John Elway, the Hall of Fame quarterback and president of football operations for the Denver Broncos, released a statement through the team on Tuesday night addressing the protests during the national anthem from this past weekend’s games.
Elway expressed his belief in standing for the anthem and the flag while indicating he understood the desire of his players to make a statement following the comments of President Donald Trump last Friday in Huntsville, Ala.
“I’m one that believes in standing for the national anthem, and I’ve always believed that,” Elway said in the statement. “I believe that this is the greatest country in the world. We are very fortunate to live here, but it’s obviously not perfect. There are a lot of things that need to be corrected, and we will continue to work on those things. I’m one that really believes in standing for the flag. I understand the players and the way they felt from the comments that were made earlier in the week. They felt they had to go down and kneel and that’s up to them. Hopefully as we go forward we can start concentrating on football a little bit more. Take the politics out of football. But I think that last week was a good show of unity by the NFL and hopefully this week we can move forward.”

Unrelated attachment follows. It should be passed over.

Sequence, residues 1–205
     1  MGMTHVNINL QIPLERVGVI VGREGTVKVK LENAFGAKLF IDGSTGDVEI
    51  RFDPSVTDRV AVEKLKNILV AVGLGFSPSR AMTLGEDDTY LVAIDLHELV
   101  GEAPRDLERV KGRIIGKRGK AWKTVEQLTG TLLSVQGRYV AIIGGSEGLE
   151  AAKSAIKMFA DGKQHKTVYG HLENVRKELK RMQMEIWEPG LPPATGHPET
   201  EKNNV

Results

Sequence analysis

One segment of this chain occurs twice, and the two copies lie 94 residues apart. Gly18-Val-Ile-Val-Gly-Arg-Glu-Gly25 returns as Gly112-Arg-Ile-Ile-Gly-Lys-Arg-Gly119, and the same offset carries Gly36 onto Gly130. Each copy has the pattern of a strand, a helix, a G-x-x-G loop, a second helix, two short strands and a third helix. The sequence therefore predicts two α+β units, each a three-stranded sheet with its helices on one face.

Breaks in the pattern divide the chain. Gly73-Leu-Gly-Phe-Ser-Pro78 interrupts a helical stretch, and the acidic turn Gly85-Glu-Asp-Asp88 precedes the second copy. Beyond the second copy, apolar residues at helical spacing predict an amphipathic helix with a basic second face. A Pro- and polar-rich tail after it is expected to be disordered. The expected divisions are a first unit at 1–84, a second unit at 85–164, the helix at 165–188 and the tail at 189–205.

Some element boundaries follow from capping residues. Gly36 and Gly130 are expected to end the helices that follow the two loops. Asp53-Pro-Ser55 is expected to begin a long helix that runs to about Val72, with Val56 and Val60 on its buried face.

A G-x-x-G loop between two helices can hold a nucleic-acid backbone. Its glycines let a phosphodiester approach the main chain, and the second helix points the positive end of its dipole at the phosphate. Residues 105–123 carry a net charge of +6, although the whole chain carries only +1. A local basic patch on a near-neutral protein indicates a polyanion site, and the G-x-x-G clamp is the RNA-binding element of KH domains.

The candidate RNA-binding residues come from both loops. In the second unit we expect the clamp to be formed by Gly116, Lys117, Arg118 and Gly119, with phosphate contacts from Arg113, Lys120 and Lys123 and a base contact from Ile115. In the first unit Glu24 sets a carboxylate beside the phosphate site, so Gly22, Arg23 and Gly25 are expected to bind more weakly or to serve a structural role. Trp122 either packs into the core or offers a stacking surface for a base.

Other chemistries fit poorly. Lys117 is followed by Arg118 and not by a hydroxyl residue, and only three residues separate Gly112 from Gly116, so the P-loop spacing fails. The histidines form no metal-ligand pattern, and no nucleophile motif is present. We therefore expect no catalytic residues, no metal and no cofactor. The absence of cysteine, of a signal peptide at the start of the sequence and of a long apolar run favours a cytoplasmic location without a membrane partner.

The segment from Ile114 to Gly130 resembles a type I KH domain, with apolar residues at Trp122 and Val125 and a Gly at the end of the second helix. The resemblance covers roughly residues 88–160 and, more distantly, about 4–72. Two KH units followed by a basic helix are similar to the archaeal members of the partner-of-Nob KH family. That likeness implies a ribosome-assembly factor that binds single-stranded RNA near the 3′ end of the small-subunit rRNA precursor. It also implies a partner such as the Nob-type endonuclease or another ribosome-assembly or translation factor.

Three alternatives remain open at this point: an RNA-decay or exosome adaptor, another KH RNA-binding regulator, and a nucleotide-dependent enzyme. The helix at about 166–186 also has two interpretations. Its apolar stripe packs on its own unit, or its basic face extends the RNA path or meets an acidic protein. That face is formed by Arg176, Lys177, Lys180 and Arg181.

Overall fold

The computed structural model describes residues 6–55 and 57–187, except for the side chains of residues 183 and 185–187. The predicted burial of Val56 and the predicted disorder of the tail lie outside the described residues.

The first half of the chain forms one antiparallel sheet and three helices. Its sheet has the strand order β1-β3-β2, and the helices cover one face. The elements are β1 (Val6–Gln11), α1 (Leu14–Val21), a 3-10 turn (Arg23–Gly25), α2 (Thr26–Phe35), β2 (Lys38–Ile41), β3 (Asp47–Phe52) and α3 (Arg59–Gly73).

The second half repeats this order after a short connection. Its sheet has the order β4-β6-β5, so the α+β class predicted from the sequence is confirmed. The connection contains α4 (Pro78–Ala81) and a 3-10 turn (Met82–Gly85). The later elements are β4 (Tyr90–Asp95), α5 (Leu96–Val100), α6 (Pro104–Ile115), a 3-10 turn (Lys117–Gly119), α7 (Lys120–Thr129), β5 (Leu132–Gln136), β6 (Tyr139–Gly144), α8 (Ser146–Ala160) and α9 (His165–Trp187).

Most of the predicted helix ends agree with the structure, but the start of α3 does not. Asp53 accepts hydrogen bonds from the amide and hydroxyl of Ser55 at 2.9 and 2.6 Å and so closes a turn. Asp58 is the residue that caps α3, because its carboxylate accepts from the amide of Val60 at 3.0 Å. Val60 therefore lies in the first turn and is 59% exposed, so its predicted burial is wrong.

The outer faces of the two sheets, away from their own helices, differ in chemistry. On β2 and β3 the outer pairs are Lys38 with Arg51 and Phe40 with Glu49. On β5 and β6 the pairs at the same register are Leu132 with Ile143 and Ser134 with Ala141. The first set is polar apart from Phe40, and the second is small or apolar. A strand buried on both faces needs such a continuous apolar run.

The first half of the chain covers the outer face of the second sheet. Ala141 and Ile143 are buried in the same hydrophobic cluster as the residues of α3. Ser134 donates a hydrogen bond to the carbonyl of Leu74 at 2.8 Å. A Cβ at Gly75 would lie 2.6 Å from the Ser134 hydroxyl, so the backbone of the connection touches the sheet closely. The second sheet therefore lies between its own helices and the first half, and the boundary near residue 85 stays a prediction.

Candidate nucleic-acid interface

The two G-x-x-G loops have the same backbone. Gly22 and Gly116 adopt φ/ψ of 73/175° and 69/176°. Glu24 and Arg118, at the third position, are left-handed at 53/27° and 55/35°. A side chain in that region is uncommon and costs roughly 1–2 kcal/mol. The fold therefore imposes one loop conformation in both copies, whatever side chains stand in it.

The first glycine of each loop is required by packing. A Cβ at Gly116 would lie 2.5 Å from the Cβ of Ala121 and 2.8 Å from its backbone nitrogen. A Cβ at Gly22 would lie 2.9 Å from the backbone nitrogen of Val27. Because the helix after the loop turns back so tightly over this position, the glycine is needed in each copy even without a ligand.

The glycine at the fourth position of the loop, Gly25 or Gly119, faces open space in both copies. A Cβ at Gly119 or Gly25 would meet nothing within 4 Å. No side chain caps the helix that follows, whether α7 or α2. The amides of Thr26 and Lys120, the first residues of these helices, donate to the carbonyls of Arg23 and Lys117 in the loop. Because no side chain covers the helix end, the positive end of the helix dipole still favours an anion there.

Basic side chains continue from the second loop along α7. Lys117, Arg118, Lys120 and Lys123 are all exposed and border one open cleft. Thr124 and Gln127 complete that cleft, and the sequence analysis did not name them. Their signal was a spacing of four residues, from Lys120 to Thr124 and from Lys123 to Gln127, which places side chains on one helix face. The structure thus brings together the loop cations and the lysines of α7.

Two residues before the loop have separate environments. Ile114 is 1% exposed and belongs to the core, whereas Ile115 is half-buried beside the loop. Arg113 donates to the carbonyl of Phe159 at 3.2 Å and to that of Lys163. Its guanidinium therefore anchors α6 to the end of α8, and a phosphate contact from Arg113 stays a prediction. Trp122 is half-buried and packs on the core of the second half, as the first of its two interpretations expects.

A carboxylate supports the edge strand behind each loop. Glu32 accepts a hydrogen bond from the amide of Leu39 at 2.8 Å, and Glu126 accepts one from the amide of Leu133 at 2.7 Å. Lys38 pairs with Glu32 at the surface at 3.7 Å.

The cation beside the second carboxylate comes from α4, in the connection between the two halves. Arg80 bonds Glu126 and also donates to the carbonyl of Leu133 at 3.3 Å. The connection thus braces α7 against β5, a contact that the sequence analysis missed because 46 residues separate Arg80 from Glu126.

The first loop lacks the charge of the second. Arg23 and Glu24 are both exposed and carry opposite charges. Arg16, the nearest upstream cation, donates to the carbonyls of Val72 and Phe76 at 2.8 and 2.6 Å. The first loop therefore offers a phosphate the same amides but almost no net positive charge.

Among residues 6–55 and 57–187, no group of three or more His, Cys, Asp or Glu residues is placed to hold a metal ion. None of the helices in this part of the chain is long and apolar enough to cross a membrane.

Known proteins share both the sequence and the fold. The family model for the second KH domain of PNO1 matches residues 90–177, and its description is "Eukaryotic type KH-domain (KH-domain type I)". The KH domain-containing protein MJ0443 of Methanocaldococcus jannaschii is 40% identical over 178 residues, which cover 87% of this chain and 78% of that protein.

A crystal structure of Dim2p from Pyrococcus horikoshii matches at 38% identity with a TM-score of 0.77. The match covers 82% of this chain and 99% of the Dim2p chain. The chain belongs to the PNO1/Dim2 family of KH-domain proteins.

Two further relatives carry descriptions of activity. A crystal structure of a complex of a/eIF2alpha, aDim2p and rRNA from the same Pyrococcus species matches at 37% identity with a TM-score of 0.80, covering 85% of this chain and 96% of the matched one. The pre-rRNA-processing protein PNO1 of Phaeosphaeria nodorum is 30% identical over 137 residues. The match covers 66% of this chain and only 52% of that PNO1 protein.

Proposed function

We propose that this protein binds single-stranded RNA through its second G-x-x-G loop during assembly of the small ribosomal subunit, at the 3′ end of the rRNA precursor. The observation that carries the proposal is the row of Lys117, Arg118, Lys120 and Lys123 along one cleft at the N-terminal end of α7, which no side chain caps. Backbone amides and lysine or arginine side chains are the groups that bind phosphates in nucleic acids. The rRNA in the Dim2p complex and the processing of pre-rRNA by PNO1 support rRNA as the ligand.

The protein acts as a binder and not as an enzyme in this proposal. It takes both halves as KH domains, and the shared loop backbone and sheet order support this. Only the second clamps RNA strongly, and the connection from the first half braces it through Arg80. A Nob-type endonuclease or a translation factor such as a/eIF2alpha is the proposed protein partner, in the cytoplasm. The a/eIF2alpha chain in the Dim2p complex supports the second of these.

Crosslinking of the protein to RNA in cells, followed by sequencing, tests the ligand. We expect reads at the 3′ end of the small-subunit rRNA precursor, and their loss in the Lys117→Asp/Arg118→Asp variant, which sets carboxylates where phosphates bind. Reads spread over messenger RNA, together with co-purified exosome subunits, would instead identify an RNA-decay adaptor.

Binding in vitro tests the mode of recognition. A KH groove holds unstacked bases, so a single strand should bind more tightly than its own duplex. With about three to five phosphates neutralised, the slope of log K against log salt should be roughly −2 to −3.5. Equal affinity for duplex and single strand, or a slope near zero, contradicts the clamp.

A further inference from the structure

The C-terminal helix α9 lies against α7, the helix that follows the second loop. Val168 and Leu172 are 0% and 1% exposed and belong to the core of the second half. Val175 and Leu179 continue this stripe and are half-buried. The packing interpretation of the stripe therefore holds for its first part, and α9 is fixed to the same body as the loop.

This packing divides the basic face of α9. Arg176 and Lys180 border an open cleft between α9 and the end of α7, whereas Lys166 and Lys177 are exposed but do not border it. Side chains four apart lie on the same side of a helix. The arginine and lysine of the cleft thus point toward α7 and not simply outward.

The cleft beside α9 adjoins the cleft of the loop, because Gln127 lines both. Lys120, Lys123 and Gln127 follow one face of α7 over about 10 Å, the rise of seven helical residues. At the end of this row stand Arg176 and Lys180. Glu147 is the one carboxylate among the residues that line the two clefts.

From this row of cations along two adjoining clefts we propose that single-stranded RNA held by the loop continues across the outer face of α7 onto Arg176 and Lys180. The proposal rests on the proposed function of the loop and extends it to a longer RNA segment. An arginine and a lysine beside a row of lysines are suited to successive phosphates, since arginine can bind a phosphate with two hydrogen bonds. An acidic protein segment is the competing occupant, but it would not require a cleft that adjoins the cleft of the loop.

It’s interesting that Elway makes a claim of wanting to take the politics out of football. In March, Elway wrote a letter to the Senate Judiciary Committee endorsing the candidacy of Neil Gorsuch for the Supreme Court. He did so on his personal letterhead, which includes Broncos logos. Apparently it was OK for Elway to support a political appointee with the weight of the Broncos behind him in March, but now that it’s a protest by the players he wants to “take the politics out of football.”
Elway can support anyone he wants. He was present in Washington D.C. for Trump’s inauguration in January. But it rings a bit hollow when he makes a political statement of his own in backing Gorsuch for the Supreme Court on team stationary and then claims he doesn’t want politics and football to intersect months later.
The protests – which, again, are focused on bringing attention to police brutality and social injustices – had been relegated to a fairly minor story line at the start of the season until the president elected to attack the league and call players who knelt in protest “sons of bitches” last week. What seems clear is that it’s now been magnified more than ever and doesn’t appear close to subsiding anytime soon.